Autumn Meadowhawks like to rest on sunlit surfaces like the sign (and boardwalk) in order to absorb thermal energy.

Hey folks, you’re looking the wrong way — there’s a big dragonfly behind you!

The hemi-marsh at Huntley Meadows Park is a good habitat for many species of odonates, including Autumn Meadowhawk.

I spent about 30 minutes watching the sign, waiting for the dragonfly to land at different places on the sign. During that time, several people passed the sign but no one noticed the dragonfly. As the sign says, “Take time to look carefully” when you visit a wildlife watching park.

Editor’s Note: On the traditional day when we give thanks for our many blessings, I am especially thankful for the opportunity to be a frequent and careful observer of the natural beauty of the hemi-marsh at Huntley Meadows Park, and for many good friends with whom I share the experience. Happy Thanksgiving!

Copyright © 2016 Walter Sanford. All rights reserved.

Another sighting of Russet-tipped Clubtail

October 20, 2016

It was my good fortune to see another Russet-tipped Clubtail dragonfly (Stylurus plagiatus) on 03 October 2016 during a photowalk at Mulligan PondJackson Miles Abbott Wetland Refuge (JMAWR).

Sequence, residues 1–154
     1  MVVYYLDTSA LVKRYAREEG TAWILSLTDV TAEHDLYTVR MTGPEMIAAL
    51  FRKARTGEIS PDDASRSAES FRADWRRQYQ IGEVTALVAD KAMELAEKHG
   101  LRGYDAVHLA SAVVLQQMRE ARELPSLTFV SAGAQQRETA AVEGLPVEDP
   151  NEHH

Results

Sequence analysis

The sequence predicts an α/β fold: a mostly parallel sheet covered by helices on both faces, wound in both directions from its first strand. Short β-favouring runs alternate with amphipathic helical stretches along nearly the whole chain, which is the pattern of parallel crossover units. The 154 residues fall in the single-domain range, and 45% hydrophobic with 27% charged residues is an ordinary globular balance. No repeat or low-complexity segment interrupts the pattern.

This one was by far the most challenging to spot/rewarding to find because the dragonfly was perching high in a cedar tree where it was well camouflaged.

A Russet-tipped Clubtail dragonfly (Stylurus plagiatus) spotted at Mulligan Pond, Jackson Miles Abbott Wetland Refuge, Fairfax County, Virginia USA. This individual is a male. [*]

03 OCT 2016 | JMAWR | Russet-tipped Clubtail (male)

This individual is a male, as indicated by the large russet-colored club at the end of his abdomen, and his terminal appendages. Notice the epiproct is a large “plate” that spans both cerci, as shown in the full-size version of the following photo.

A Russet-tipped Clubtail dragonfly (Stylurus plagiatus) spotted at Mulligan Pond, Jackson Miles Abbott Wetland Refuge, Fairfax County, Virginia USA. This individual is a male. [Good view of terminal appendages.]

03 OCT 2016 | JMAWR | Russet-tipped Clubtail (male)

I love a good head-tilt, as shown in the next photo.

A Russet-tipped Clubtail dragonfly (Stylurus plagiatus) spotted at Mulligan Pond, Jackson Miles Abbott Wetland Refuge, Fairfax County, Virginia USA. This individual is a male.